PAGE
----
Bowers & Wilkins DB3D Subwoofer Review

Build Quality
PRICE $3,499

Compact size
Deep, clean bass
Easy to set up and adjust
Available in three finishes

High price
One sub might not be powerful enough for large rooms

The Bowers & Wilkins DB3D is an excellent choice for those who want a compact subwoofer with powerful performance. Its high price may be a deterrent for some, but its features and performance make it worth the investment.

In the realm of high-fidelity audio, the Bowers & Wilkins DB3D subwoofer offers a fusion of compact design and powerful performance. Priced at a premium of $3,499, this subwoofer is a statement piece that offers performance to match Bowers and Wilkins speakers like the 700 Series S3 models used in this review.

The DB3D is at once one of the most expensive and one of the most compact subwoofers I’ve reviewed. We are talking about $14,000 worth of subs (if you use four, as I did). However, this sub’s design is not strictly about getting maximum decibels per dollar. If that’s your sole goal, it's best to look elsewhere. The reason? There is a direct correlation between a sub’s size, output, and cost. Offering the capabilities of a large subwoofer in a compact package costs more, not less.

So, big bucks, small subs… what’s the payoff? I can tell you what I got out of the DB3Ds. I easily fit four 10 Hz-capable, self-tuning subs in my urban loft’s living room area. The resulting bass is dedicated home theater-quality.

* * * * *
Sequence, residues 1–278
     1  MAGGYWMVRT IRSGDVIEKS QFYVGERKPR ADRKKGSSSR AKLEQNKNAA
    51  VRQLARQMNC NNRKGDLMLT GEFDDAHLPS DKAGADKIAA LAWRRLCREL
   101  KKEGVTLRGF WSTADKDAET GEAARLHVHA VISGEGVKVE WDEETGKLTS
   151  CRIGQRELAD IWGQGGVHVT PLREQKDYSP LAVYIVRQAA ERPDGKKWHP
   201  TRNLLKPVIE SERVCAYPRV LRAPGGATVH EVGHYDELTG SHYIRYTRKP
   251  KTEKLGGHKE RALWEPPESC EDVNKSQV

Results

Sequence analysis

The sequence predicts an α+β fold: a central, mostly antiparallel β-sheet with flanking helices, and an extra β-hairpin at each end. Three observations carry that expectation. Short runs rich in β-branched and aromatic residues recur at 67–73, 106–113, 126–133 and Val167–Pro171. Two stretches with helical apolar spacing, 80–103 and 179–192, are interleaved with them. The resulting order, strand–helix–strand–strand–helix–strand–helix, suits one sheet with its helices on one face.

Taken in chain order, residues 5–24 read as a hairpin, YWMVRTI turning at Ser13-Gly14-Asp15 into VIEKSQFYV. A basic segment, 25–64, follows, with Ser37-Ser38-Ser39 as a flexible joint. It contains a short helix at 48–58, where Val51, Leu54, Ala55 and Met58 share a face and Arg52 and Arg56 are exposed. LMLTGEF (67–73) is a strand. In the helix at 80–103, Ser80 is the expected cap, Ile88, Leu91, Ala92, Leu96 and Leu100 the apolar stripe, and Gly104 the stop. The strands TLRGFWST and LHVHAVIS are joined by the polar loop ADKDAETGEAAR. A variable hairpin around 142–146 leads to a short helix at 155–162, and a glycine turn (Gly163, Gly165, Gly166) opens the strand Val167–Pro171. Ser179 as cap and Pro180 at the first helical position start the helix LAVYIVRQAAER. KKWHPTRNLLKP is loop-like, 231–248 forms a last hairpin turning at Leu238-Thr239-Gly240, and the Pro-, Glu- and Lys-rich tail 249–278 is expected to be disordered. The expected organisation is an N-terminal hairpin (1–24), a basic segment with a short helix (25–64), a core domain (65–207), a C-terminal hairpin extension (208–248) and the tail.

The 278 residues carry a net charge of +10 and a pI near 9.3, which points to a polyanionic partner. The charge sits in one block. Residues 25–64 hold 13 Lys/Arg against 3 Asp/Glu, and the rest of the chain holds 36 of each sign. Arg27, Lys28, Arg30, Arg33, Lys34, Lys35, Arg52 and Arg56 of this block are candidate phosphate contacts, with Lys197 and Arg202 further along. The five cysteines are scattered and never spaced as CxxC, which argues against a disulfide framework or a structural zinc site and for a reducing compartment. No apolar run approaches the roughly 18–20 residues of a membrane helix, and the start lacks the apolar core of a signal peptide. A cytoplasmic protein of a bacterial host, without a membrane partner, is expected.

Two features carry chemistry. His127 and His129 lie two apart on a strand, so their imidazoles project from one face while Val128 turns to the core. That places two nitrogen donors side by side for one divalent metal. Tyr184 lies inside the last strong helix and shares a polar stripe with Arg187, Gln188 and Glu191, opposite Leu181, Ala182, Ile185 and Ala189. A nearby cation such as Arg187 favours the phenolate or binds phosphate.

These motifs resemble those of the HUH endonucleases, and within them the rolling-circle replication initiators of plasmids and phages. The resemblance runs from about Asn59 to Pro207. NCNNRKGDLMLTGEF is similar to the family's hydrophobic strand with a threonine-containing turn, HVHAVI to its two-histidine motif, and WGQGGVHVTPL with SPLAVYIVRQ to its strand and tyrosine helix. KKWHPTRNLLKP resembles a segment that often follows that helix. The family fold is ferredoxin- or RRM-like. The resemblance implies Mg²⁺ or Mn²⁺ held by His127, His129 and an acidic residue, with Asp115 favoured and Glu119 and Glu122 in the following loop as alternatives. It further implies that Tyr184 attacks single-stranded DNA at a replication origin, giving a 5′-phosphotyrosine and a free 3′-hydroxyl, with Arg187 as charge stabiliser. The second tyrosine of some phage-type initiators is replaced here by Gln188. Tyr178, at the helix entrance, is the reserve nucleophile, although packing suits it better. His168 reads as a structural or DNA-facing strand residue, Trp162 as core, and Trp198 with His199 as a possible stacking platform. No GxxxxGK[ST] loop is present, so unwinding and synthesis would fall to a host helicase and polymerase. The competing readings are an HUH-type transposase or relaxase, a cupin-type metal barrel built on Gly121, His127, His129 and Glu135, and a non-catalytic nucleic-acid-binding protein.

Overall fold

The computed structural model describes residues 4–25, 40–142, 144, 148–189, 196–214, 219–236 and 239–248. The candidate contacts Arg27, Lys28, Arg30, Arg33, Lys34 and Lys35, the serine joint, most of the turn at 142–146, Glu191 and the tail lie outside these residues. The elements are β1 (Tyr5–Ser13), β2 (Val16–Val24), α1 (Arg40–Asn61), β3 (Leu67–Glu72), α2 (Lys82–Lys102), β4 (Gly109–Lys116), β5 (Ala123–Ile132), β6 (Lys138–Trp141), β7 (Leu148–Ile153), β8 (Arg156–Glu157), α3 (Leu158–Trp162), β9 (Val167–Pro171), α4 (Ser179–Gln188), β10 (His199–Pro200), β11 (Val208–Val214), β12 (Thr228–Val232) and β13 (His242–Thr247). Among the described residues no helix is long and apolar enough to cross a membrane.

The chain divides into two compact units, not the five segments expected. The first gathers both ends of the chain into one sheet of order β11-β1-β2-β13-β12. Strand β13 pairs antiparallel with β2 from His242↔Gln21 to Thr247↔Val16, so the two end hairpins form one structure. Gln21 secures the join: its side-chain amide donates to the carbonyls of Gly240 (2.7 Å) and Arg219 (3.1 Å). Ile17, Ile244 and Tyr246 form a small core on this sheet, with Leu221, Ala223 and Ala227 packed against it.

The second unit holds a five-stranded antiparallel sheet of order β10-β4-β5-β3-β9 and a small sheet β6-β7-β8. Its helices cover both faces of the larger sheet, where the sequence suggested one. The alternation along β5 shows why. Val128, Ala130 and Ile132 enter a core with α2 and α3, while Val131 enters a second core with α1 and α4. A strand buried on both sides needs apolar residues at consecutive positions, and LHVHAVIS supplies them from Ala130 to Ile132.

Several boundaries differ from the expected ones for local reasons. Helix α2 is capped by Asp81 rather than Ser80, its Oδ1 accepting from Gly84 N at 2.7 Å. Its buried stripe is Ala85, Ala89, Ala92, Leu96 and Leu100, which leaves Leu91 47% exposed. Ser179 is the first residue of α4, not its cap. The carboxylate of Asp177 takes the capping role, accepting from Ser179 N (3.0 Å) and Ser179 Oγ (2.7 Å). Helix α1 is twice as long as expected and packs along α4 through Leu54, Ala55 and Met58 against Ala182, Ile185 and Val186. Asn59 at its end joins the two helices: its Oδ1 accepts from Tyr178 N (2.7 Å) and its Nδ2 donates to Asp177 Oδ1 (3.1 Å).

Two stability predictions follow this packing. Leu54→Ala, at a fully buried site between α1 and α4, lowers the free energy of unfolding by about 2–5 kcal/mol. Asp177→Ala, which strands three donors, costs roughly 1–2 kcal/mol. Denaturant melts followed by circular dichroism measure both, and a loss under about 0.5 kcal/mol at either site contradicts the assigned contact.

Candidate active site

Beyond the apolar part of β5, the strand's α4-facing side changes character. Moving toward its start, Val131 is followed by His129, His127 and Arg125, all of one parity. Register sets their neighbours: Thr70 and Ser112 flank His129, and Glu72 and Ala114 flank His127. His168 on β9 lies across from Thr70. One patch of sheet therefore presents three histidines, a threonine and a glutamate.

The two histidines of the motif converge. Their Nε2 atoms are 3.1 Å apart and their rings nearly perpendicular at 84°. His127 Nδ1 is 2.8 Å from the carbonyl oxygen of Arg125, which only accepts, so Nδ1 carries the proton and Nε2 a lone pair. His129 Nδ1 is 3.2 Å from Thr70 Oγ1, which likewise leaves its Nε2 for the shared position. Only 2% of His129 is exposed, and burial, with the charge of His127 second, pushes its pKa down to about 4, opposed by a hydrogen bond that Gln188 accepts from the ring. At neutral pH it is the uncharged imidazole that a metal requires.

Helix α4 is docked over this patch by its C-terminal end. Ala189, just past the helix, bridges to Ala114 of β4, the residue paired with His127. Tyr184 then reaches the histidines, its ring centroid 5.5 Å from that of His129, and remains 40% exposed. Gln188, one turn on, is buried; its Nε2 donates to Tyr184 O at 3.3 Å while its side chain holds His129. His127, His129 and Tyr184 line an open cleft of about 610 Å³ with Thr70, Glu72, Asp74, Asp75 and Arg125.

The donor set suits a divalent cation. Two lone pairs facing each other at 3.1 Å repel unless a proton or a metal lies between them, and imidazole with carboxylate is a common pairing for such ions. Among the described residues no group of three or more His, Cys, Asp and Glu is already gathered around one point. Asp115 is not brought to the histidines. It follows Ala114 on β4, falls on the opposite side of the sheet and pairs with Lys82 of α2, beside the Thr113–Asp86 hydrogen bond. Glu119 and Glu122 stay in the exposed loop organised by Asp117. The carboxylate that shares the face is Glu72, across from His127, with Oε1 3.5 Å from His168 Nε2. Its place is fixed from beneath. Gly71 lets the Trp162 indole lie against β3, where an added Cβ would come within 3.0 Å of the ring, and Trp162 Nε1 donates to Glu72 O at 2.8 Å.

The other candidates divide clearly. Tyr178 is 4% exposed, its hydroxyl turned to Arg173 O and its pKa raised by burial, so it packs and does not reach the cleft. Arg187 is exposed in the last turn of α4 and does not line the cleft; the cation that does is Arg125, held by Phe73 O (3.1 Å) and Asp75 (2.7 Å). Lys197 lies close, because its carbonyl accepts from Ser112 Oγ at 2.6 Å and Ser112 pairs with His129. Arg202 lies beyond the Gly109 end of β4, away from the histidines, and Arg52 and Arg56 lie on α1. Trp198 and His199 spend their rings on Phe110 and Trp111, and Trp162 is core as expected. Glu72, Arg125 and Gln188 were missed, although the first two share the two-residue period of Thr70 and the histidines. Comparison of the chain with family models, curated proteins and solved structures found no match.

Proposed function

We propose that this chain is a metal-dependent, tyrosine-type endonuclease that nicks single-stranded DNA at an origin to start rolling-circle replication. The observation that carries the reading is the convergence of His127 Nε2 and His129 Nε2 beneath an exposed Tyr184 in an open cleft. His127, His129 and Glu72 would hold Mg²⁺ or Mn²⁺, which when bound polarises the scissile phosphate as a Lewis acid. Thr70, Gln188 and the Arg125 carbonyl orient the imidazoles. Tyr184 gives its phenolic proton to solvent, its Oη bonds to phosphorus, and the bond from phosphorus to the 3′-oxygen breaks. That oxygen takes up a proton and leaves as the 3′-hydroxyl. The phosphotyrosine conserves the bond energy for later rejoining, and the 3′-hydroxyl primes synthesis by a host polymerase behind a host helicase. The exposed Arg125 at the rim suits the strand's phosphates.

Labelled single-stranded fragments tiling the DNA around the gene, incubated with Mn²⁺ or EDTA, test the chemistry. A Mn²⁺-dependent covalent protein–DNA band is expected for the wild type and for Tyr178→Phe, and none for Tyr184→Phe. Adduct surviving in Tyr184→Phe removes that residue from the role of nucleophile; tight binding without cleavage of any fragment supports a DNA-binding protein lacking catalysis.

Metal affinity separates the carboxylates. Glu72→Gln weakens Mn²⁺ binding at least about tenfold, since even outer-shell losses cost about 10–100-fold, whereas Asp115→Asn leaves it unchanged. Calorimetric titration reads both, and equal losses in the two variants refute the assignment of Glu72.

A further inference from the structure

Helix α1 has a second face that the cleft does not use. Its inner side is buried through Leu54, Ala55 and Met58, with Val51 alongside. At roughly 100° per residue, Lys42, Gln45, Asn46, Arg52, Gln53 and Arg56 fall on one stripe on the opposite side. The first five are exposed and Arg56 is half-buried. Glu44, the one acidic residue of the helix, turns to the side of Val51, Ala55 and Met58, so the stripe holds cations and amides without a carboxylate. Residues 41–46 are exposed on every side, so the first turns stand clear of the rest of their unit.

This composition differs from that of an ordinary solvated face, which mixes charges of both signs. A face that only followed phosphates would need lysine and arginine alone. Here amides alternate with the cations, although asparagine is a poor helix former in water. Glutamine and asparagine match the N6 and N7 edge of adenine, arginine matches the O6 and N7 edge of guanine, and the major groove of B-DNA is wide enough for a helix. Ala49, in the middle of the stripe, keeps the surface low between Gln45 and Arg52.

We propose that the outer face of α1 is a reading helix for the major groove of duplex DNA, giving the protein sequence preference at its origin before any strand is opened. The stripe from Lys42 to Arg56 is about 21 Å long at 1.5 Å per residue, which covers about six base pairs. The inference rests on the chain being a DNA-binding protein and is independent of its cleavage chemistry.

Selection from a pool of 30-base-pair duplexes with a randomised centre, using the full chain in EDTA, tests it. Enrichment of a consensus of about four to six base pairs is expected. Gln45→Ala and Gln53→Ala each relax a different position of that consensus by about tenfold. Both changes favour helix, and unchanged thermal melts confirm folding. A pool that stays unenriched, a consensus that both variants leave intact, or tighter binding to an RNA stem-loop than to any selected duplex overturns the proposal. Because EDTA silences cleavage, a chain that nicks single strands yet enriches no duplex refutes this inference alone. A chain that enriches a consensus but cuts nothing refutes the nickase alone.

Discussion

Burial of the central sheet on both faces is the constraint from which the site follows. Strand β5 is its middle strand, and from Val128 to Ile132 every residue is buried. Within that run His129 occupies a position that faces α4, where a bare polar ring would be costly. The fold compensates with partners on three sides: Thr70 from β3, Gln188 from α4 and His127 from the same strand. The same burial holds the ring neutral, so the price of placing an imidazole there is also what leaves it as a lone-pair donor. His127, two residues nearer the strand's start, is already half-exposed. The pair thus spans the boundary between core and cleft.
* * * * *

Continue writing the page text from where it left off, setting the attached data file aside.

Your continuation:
It is important to emphasize that with this system, my priority is not maximum output. It’s maximum bass extension and fidelity.

The DB3D offers a user-friendly experience for setup and adjustments. A key feature is control of the sub via the dedicated “dB Sub” app. It’s crucial, actually, because the sub itself does not offer physical controls — you must use the app to tweak the settings. Plus, you’d miss out on the built-in automatic room tuning. The app communicates using Bluetooth and worked seamlessly on my iPhone and my Samsung Galaxy; all four subwoofers showed up immediately the moment after I installed and launched it.

The DB3D’s compact design leverages a pair of 8-inch Aerofoil drivers in a dual-opposed, force-canceling alignment. This arrangement minimizes distortion caused by mechanical motion while maximizing cone surface area, making possible the use of a small cabinet. For comparison, a pair of 8-inch drivers are equivalent to an 11.3-inch driver in a sealed sub enclosure.

The result is a dense cube, measuring 14.1 x 12.6 x 11.8 inches and weighing 55 pounds. Finish options include gloss black, satin white, and rose nut —seamlessly matching the looks of 700 Series S3 speakers. Inputs include dual XLR and RCA, alongside a 12-volt trigger and RS-232 connector, catering to custom installs and automation.

Owing to the relevant law of subwoofer physics that states “there’s no replacement for displacement,” pressurizing a room to create visceral infrasonic experiences requires the use of multiple DB3D subs to effortlessly fill this gap.